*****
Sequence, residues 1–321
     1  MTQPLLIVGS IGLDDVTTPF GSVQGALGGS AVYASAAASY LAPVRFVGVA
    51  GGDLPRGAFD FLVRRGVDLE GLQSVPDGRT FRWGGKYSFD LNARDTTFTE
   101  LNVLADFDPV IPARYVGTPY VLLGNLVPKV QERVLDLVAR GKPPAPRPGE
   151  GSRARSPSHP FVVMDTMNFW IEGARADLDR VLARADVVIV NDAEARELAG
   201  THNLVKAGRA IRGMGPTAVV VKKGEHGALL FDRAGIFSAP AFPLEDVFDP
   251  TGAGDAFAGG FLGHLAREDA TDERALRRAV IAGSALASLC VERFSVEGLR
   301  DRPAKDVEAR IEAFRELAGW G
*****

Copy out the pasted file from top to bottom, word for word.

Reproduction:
Sequence, residues 1–321
     1  MTQPLLIVGS IGLDDVTTPF GSVQGALGGS AVYASAAASY LAPVRFVGVA
    51  GGDLPRGAFD FLVRRGVDLE GLQSVPDGRT FRWGGKYSFD LNARDTTFTE
   101  LNVLADFDPV IPARYVGTPY VLLGNLVPKV QERVLDLVAR GKPPAPRPGE
   151  GSRARSPSHP FVVMDTMNFW IEGARADLDR VLARADVVIV NDAEARELAG
   201  THNLVKAGRA IRGMGPTAVV VKKGEHGALL FDRAGIFSAP AFPLEDVFDP
   251  TGAGDAFAGG FLGHLAREDA TDERALRRAV IAGSALASLC VERFSVEGLR
   301  DRPAKDVEAR IEAFRELAGW G